Martha Olivo on the Hooves
Q. My 10-year-old gelding Vinnie was deshod a
year ago. He was in shoes from the age of two. I believe that barefoot
is best, but he still is ouchy over rocks! He has 24-7 turnout with
other horses, and eats only hay and oats. What's the problem?
A. Vinnie is in the age bracket and circumstances that many horses share. Great that you've pulled his shoes and provided 24-7 turnout with others. I see two probable causes for the tenderness: Poor hoof form and too much bar.
Poor hoof form is from the distortion that so often results from incorrect trimming, shoeing ('correct' or incorrect) or from neglect - especially before the age of 5. Horses don't have fully developed bones until then, and the coffin bone is no exception. Stalling during foalhood will also cause the hooves to be weaker and more prone to distortion, due to a lack of movement that ligaments, tendons and bones need for healthy development. It can take several years for horses to overcome the effects of early life problems. Some horses are so damaged that they require rehabilitation. "Orthopedic" shoeing (unwittingly) only aggravates the problems while masking the ongoing destruction.
Bars are the internal support structures of the hoof. In nature, healthy, well-formed active hooves wear the bars constantly. Domesticated horses frequently are denied the opportunity to move enough to wear their walls, much less the bars! The sole and frog should be able to descend and spread when bearing weight. Bar can either lay down or stand up in the hoof, depending on the basic hoof shape. Overgrown bar causes painful pinching, bruising, and can even cause bone to degrade!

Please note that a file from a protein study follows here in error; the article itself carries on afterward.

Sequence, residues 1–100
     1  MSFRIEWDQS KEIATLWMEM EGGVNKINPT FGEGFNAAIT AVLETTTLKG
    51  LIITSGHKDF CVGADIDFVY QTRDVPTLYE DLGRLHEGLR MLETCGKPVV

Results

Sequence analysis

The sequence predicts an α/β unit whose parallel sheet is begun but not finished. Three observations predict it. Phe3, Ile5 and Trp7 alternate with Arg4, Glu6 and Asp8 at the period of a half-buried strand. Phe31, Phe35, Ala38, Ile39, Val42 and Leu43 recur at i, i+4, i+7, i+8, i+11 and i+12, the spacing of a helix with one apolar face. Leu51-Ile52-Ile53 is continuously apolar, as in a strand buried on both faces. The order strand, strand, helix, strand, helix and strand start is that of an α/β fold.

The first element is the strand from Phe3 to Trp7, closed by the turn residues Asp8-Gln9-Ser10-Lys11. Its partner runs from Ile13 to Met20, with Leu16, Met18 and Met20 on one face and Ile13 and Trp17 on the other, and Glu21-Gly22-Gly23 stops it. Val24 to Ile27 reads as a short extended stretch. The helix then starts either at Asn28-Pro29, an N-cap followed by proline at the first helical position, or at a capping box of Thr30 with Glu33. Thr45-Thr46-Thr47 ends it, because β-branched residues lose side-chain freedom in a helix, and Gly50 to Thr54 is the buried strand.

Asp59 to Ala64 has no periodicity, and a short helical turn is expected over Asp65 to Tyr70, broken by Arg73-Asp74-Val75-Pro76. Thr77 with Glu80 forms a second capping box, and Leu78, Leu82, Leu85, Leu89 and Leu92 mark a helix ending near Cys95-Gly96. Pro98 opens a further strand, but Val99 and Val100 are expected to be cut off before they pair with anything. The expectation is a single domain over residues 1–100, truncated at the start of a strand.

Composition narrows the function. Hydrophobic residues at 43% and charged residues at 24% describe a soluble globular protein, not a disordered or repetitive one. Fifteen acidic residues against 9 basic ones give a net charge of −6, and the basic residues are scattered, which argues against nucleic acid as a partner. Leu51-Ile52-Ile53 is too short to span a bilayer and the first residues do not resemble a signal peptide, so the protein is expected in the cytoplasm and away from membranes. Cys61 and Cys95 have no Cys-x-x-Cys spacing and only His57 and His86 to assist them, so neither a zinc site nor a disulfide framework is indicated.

In Vinnie's case, since he is willing to
go but is only ouchy over rocks, mindful tweaking (minimal trimming)
with special attention to making the bars passive to the wall should
make him more comfortable. Boots will help ease any discomfort until
the hooves recover, and are a good idea for trail rides when a horse
is habituated to living on soft ground. (Keep in mind that cautious
placement of the feet could indicate that a horse is simply feeling
his way on unaccustomed ground. When possible, putting stones in
the pasture or wherever horses are fed and watered will accustom
them to tougher ground.)
Remember: Trimming hooves (to mimic natural wear) and providing a natural lifestyle are our best compensations for domesticating creatures adapted to continuous movement.
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